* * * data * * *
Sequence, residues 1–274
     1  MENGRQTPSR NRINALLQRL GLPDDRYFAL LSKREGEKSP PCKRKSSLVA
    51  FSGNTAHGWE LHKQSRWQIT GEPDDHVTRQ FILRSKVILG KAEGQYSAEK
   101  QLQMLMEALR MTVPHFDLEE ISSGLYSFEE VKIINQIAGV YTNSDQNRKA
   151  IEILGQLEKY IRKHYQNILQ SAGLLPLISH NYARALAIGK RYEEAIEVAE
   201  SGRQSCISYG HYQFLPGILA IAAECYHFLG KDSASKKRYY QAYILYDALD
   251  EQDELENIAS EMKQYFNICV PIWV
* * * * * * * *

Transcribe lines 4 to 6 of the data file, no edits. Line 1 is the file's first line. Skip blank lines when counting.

   101  QLQMLMEALR MTVPHFDLEE ISSGLYSFEE VKIINQIAGV YTNSDQNRKA
   151  IEILGQLEKY IRKHYQNILQ SAGLLPLISH NYARALAIGK RYEEAIEVAE
   201  SGRQSCISYG HYQFLPGILA IAAECYHFLG KDSASKKRYY QAYILYDALD